I get your point regarding the ease of the term but it’s the exaggeration and hyperbole by many commentators that I disapprove of. Don’t get me wrong, I like The Orange Book and its authors made many valid points but the essays, bar David Laws chapter, were hardly revelatory.

    #PSI

    My proposal to ‘ban’ using the term was purely tongue in cheek.


  6. Freethinker Says:

    Steve Webb could hardly be described as a man of the right and both Chris Huhne and Vince Cable were ex-SDP and Labour members.

    And Nick Clegg is a hypocrite: http://www.guardian.co.uk/commentisfree/belief/2010/oct/12/nick-clegg-catholic-school-row?commentpage=4#start-of-comments

    How can he call himself a Liberal when he agrees to have his children brainwashed purely to satisfy his wife’s religious fundamentalism??? Creationism, non merci beaucoup!


  7. Psi Says:

    @ freethinker

    If you believe to be a Liberal you have to be an Atheist, and want Atheism forced on your children, I think you need to read more.

    Miriam is a catholic and wants her children educated that way, who are you to say you know better than her what is best for her children?


  8. Freethinker Says:

    @Psi,

    How about the children know what is best for them? A true Liberal would not force their children to be indoctrinated by any religious cult especially NOT by Catholics! Miriam Clegg had no right to foist her Catholic fundamentalism i.e. creationism and the infallibility of the pope on her children. A true Liberal would let their children make their own mind up.

    The Liberal Party is a secular party PSI and should have no truck with religious bigots. We should have deselected the likes of Charles Kennedy for voting to restrict abortion as that is pandering to the bigots. If the Liberals stood up for true religous freedom they would pass a law banning the baptism of children under the age of 16 and ban faith schools which cause sectarianism in society. Now who is the true Liberal PSI? Answer is not you.


  9. Psi Says:

    @ Freethinker

    Hmmmm, “Banning” so liberal…


  10. Leslie K. Clark Says:

    The comments have gone slightly off topic…


  11. Freethinker Says:

    @PSI

    A ban on religious indoctrination of children would increase children’s freedom and therefore is very Liberal. How would you like to have religion imposed up on you without your consent? We ban racism because that increases freedom so yes Liberals can ban things so long as it increases personal freedom.

    @Leslie k Clark

    It is hardly off topic when the Liberals have betrayed their members and got into bed with the Tories who are basically a front for the Chritian right. So many Tories backed restrictions on abortion whilst the Liberals are committed to pro-choice as are Labour. Clegg has fallen under the spell of the religious right by dealing with Cameron. Charles Kennedy a Catholic fundamentalist creationist must privately feel at home with the Tory SPUC lobby.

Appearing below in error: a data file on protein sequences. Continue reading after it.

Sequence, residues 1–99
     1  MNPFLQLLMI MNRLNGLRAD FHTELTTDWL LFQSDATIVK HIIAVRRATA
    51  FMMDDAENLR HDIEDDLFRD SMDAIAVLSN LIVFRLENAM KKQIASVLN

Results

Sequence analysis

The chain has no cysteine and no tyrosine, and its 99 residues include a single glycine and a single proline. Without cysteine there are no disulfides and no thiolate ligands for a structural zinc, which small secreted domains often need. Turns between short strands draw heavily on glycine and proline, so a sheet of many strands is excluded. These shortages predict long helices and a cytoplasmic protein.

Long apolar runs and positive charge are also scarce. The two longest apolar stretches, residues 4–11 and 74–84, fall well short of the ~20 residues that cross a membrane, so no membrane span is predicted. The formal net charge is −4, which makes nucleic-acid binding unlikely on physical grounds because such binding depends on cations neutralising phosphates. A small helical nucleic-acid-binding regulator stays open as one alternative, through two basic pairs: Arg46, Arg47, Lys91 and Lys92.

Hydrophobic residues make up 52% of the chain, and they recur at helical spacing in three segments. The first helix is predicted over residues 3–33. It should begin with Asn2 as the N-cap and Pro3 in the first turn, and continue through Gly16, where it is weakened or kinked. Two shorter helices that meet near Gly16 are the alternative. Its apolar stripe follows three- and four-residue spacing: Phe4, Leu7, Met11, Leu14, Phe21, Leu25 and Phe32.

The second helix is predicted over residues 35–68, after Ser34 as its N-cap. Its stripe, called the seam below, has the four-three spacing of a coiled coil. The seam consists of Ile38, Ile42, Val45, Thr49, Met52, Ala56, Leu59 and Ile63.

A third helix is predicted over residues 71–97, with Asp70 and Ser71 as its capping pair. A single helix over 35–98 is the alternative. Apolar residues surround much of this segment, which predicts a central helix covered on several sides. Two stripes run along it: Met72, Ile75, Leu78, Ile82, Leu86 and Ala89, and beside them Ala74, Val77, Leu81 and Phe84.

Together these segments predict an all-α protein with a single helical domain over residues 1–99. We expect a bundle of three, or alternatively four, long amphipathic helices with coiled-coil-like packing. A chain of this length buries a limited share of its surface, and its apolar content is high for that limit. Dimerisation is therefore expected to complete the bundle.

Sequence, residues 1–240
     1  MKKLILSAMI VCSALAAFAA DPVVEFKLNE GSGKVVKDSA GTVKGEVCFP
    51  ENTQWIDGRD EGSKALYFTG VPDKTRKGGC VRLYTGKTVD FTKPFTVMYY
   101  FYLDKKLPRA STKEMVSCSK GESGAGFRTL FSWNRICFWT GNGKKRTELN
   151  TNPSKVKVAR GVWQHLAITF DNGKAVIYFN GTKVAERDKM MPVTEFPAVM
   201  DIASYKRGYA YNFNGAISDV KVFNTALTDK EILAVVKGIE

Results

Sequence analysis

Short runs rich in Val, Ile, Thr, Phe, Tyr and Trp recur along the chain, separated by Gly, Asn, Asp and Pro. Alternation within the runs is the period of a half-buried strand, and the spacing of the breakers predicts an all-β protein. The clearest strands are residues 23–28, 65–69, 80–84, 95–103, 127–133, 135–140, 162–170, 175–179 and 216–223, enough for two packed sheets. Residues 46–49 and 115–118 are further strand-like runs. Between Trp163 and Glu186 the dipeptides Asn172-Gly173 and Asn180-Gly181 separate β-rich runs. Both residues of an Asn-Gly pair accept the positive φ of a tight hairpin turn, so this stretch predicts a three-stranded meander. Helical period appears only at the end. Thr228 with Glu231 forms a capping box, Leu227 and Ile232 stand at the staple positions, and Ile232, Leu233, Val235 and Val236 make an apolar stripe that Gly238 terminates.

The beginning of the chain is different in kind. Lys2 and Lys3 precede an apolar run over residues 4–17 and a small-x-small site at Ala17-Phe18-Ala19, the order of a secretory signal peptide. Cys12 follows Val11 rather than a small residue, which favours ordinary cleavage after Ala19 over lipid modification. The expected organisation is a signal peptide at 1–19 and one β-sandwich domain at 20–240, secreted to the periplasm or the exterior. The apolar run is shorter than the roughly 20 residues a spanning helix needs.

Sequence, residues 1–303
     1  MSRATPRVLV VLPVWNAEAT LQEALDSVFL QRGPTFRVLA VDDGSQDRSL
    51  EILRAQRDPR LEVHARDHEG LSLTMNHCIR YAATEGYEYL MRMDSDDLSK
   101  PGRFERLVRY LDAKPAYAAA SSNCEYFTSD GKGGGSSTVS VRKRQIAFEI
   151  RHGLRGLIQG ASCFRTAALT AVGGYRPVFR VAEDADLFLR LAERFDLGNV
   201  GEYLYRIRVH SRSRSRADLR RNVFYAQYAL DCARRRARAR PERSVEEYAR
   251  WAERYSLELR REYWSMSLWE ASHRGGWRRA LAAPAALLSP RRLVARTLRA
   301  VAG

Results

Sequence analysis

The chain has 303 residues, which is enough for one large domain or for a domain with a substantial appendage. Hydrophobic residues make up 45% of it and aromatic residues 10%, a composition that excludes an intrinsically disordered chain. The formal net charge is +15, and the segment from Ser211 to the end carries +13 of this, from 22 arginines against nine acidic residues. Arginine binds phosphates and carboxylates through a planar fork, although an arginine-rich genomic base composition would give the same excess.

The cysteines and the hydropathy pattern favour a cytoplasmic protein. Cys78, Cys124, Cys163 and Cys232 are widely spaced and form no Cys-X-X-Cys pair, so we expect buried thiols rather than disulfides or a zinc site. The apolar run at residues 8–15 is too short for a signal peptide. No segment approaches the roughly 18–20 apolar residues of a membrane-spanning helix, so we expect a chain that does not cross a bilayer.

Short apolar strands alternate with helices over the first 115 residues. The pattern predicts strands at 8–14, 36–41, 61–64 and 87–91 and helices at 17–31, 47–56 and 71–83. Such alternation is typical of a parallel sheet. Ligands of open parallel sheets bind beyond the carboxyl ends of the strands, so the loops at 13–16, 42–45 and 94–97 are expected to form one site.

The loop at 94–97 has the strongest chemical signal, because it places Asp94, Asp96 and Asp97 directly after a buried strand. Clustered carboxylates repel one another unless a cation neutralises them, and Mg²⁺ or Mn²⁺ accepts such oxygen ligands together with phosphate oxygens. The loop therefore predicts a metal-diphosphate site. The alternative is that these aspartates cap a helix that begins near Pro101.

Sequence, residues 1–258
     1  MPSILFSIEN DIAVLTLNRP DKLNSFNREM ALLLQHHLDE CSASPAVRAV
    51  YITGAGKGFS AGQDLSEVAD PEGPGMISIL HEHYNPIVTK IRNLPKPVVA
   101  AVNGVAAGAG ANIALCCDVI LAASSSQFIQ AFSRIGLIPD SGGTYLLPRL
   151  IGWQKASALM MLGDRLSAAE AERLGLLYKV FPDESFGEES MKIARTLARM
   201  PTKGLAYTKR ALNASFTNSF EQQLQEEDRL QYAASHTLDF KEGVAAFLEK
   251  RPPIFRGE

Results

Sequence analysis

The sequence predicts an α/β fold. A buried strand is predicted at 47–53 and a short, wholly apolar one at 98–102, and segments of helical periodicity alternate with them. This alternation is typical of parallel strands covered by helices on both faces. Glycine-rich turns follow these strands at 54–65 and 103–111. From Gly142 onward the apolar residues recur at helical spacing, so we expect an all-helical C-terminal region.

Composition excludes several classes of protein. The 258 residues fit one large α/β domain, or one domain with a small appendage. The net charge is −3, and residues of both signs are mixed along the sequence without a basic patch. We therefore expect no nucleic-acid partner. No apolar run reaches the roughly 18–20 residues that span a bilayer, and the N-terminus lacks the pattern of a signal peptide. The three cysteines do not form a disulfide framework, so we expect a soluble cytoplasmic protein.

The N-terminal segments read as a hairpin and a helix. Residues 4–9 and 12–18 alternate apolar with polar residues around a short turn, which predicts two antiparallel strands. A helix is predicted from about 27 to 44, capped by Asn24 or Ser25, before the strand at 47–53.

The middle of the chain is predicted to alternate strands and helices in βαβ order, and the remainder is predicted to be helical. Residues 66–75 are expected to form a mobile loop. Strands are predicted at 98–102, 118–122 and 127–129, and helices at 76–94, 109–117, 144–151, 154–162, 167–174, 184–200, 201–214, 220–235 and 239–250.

12. Psi Says:

    @ Leslie

    Apologies if it wasn’t clear I wasn’t taking you seriously on the banning of the term Orange Book but more that when ever politicians are described as “Orange Bookers” they dismiss the question and don’t correct the underlying assumption that “Orange Booker” is some form of less caring LibDem.

    @ Freethinker

    I and my siblings did have religion “imposed upon us” as you put it, if by that you mean raised by people of a religious persuasion in line with their religious beliefs (not Catholics incidentally). One chose to continue following g that faith, one changed and one rejected all forms of religion. None would say they were “harmed” by that up bringing.

    I would rather trust a loving parent to bring up a child in the way they feel is best rather than have the state (or internet trolls) dictate how children must be raised.

    You appear to confuse secularism with militant atheism, sadly a common occurrence in the media. Also some thing that gives secularism a bad name.


  13. Freethinker Says:

    @psi

    I would rather trust a loving parent to bring up a child in the way they feel is best rather than have the state (or internet trolls) dictate how children must be raised.

    If people pay their taxes to the state then the state has a right to tell them how to behave if such legislation increases personal freedom. It is clear that a child’s right to make its own decision about whether they believe in God outweighs the right of a parent to foist their beliefs on a child. The liberals could stem the flow of members leaving for Labour if they announced a policy to stop infant baptism as well as child circumcision. All Liberals oppose faith schools why should we let Catholic schools teach creationism and that every word of the bible is true.

    You appear to confuse secularism with militant atheism

    We need to be militant about secularism we need to teach people the truth. Religion is synonymous with oppression and intolerance all real liberal are atheists.


  14. Leslie K. Clark Says:

    @ Psi – Understood.


  15. Freethinker Says:

    Psi

    You haven’t replied so I assume that we are now in agreement. I am proposing that the Liberals help with our allies in the Labour party implement legislation that would ban the baptism of children and the circumcision of children born to Jewish and Muslim parents. Would you support that?

    I also believe that we missed a golden opportuniuty to arrest the pope when he came to Britain and charge him with crimes against humanity. The pope in my view is not welcome in this country. Also I believe that Charles Kennedy and other Catholic creationists should be expelled from the Liberals as they are not supportive of the Liberal party’s secularist approach to politics. Again I assume you’d agree?